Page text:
Furthermore, PISA focuses on testing the students to increase the competitive performance with the students of the other countries (www.acer.edu.au, 2016). Therefore, the significance of the test policy by National Assessment Program has been justified. Also, the trends in International Mathematics and Science Study (TIMSS) provide consistent and appropriate data on the mathematics and science, so that the students can analyse the competency level for the international standard (Thompson & Cook, 2015). TIMSS is a large-scale assessment programme for the students to inform the educational policy and practices by providing an international perspective on teaching and learning practices (www.acer.edu.au, 2016). Moreover, an inference can be drawn that the initiatives of classroom based test approach can be ideal to improve the students’ positivity towards the classroom and the learning process.

The primary assertion of the study intends to evaluate the effectiveness of the national testing practices in the education sector of Australia. This process helps to increase the knowledge and skills of the students. It can be found that effective classroom-based test can create a set of expectations in the classroom environment. This is also significant to increase the teacher and student engagement within the classroom. Hence, it can be inferred that implementation of national test programme can be effective to increase both the students’ capability, aptitude and the learning proficiencies of the teaching practitioners.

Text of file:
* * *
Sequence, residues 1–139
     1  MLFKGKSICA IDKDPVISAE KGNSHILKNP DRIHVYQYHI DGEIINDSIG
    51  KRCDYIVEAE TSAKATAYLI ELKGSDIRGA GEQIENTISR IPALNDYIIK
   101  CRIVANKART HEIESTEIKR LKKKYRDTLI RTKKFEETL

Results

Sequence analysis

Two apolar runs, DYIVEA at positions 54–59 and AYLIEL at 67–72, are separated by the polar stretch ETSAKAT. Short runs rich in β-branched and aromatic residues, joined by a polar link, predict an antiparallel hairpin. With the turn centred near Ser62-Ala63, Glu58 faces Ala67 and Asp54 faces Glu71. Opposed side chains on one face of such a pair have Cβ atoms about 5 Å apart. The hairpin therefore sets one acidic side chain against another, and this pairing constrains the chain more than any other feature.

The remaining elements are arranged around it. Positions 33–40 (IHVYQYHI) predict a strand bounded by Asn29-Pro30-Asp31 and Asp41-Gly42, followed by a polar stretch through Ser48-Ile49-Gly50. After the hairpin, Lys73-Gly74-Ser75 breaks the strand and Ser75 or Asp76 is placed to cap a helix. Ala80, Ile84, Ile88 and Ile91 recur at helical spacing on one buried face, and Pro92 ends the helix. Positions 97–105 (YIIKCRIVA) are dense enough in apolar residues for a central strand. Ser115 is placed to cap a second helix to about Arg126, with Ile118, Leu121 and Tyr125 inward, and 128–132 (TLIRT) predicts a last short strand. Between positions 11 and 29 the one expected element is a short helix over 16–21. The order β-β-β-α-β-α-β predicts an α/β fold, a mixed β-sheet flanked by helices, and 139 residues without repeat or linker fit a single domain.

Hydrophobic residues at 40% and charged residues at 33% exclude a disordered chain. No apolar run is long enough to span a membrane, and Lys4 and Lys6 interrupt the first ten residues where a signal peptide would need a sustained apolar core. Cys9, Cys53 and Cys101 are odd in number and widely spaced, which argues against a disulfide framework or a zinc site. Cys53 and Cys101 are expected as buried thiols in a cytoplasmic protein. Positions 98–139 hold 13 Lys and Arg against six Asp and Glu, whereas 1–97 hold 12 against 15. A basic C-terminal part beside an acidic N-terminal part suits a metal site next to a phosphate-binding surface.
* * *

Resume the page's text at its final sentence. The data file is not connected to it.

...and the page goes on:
References:

ACER. (2016). Programme for international student assessment (PISA) Australia. Retrieved September 29, 2016, from

ACER. (2016a). Trends in international mathematics and science study (TIMSS). Retrieved September 29, 2016, from

Agarwal, P. K., D’Antonio, L., Roediger, H. L., McDermott, K. B., & McDaniel, M. A. (2014). Classroom-based programs of retrieval practice reduce middle school and high school students’ test anxiety.Journal of Applied Research in Memory and Cognition, 3(3), 131–139.

Brunner, M., Artelt, C., Krauss, S., & Baumert, J. (2007). Coaching for the PISA test. Learning and Instruction, 17(2), 111–122.

Copyright. (2016). NAPLAN. Retrieved September 29, 2016, from

Creagh, S. (2013). A critical analysis of problems with the LBOTE category on the NAPLaN test. The Australian Educational Researcher, 41(1), 1–23.

Hatzinikita, V., Dimopoulos, K., & Christidou, V. (2008). PISA test items and school textbooks related to science: A textual comparison. Science Education, 92(4), 664–687.

Thompson, G., & Cook, I. (2015). Producing the NAPLAN machine: A Schizoanalytic Cartography. Deleuze Studies, 9(3), 410–423.